Middle-class college students should have more opportunities to "get the best skills possible," as quickly and cheaply as possible, and making community-college tuition free would help achieve that goal, President Obama said on Friday during an address at Ivy Tech Community College in Indianapolis.
Speaking and answering questions from students at the headquarters of one of the nation’s largest statewide community-college systems, the president touted his free-tuition proposal and said that heading straight to a four-year college isn’t for everyone.
"We have this image in our heads that you go through high school and then, right away, you go to a four-year university," he said. "Instead, we should be thinking about, from the time you are in ninth grade until you get a job, how do we make sure you get the best skills possible at the cheapest cost. If there are faster pathways or opportunities to use technology, let’s do that."
After two years, students might have the skills to jump into a job immediately, or they might transfer to a four-year institution, he said, but either way, they would save a significant amount of money by starting at a community college.
Asked whether making community-college tuition free would hurt four-year colleges by cutting into their enrollments, the president said there would still be plenty of students heading straight to baccalaureate institutions.
But students shouldn’t have to take on staggering debts, he said, especially if they’re going into fields, like teaching, that pay modest salaries.
On speculation that his free-tuition plan is dead on arrival in a Republican-controlled Congress, he had this to say: "If Republicans disagree with the way I’m trying to solve these problems, they should put forth their own plans, and I’ll be happy to look at them. But what we can’t do is ignore the problems."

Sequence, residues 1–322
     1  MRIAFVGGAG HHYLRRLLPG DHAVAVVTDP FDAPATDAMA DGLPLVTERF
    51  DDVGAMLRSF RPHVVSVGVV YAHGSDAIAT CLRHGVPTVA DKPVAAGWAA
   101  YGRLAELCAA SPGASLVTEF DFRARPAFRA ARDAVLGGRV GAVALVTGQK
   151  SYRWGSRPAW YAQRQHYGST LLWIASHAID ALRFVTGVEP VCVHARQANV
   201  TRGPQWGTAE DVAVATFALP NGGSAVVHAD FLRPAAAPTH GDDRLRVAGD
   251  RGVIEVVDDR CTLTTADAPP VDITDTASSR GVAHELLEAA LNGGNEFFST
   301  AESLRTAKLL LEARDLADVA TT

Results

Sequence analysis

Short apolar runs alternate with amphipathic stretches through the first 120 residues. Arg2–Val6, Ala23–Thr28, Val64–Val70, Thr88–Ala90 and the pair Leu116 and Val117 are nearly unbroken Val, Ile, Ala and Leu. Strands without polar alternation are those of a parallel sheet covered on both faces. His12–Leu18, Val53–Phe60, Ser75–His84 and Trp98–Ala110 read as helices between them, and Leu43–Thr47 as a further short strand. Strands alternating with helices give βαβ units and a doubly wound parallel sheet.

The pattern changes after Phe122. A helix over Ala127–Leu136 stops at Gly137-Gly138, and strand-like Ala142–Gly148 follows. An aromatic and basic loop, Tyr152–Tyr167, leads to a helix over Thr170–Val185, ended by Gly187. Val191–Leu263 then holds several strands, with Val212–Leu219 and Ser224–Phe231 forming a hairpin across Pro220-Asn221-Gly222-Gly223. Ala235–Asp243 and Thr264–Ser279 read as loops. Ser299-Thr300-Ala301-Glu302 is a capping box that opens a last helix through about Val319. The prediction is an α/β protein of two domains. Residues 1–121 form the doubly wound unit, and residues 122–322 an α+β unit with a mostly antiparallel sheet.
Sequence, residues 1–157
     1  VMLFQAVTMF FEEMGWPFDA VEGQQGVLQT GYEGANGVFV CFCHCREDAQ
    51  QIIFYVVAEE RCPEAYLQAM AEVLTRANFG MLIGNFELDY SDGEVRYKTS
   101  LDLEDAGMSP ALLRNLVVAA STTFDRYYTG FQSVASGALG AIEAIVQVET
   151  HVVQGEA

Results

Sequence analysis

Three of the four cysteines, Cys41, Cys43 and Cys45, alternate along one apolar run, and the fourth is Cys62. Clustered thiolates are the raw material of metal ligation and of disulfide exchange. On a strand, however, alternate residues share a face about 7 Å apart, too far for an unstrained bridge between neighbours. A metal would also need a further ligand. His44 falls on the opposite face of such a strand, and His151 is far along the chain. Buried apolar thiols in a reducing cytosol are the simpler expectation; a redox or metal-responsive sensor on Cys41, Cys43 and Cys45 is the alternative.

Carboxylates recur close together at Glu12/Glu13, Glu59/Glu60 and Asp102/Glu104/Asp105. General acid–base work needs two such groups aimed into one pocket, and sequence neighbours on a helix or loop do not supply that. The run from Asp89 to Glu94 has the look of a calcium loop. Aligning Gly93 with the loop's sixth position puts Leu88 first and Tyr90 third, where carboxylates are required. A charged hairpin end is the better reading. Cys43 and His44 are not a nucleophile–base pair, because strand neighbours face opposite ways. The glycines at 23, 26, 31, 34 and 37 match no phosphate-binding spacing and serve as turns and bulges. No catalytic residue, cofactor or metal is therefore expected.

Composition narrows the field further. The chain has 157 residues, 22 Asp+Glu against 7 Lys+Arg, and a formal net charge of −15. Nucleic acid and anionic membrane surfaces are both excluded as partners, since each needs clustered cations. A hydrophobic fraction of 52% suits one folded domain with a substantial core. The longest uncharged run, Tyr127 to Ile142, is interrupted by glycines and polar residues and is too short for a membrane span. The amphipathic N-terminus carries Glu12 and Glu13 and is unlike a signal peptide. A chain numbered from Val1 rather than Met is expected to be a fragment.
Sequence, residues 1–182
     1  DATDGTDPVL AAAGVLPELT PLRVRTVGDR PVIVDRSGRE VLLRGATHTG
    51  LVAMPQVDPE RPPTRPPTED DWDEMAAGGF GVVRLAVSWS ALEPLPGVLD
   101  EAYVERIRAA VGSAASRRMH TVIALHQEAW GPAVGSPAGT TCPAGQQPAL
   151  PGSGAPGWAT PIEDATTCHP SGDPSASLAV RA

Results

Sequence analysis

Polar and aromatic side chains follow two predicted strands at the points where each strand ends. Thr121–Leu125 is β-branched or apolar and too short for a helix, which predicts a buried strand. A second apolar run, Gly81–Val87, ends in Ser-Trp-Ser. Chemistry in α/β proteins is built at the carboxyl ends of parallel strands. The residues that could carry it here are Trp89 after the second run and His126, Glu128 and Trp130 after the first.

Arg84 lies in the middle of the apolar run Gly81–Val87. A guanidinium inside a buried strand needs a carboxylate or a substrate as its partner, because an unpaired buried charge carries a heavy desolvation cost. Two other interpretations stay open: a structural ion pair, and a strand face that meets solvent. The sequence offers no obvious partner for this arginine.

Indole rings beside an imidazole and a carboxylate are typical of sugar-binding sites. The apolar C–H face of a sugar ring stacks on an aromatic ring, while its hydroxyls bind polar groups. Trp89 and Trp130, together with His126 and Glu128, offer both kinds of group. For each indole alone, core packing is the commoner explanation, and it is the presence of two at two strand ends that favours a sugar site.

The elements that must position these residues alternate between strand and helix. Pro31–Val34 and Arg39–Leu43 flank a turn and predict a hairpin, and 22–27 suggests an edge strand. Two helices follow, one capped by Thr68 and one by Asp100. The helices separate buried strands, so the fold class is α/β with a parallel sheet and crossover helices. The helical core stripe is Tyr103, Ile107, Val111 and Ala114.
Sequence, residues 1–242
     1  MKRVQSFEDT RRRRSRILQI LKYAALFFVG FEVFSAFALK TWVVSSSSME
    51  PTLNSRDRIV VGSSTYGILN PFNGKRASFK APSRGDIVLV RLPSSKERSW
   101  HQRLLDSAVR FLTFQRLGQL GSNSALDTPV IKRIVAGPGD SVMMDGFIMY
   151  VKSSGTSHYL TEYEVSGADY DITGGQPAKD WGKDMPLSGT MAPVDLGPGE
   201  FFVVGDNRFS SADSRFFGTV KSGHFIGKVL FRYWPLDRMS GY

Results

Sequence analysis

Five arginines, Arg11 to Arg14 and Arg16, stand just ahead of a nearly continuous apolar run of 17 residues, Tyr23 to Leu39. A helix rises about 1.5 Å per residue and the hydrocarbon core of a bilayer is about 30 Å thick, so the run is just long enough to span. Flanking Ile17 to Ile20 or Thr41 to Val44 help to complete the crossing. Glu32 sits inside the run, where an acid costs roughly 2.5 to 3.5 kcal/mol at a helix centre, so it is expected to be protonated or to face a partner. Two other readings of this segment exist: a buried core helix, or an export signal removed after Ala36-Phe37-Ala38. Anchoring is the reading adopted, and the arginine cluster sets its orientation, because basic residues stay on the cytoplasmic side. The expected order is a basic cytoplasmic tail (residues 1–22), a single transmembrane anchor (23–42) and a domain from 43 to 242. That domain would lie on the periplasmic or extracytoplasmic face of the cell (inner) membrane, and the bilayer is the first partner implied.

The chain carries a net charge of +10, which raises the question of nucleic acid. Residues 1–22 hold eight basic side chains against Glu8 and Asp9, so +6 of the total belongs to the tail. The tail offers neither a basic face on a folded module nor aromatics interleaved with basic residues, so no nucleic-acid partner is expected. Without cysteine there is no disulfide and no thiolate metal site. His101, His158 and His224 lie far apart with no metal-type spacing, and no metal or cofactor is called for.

It’s time, he said, for everyone to roll up their sleeves and work together, and "not to turn everything into a Washington food fight."
Mr. Obama said he had talked to many employers who say that they can’t find graduates with the skills they need, and that colleges working closely with area employers can help fill the so-called skills gap.
Some educators have questioned whether that gap is partly the fault of employers who have reduced their commitments to on-the-job training and so shifted more of the responsibility for specialized skills training to community colleges.
Apprenticeship programs, which received an infusion of funds from the administration last year, can be part of the solution, Mr. Obama said. On average, he said, graduates of apprenticeship programs earn $50,000 a year.
He empathized with a student who bemoaned the soaring cost of textbooks and said that, in the first 10 years of his marriage, the Obamas paid more on student loans than on their mortgage.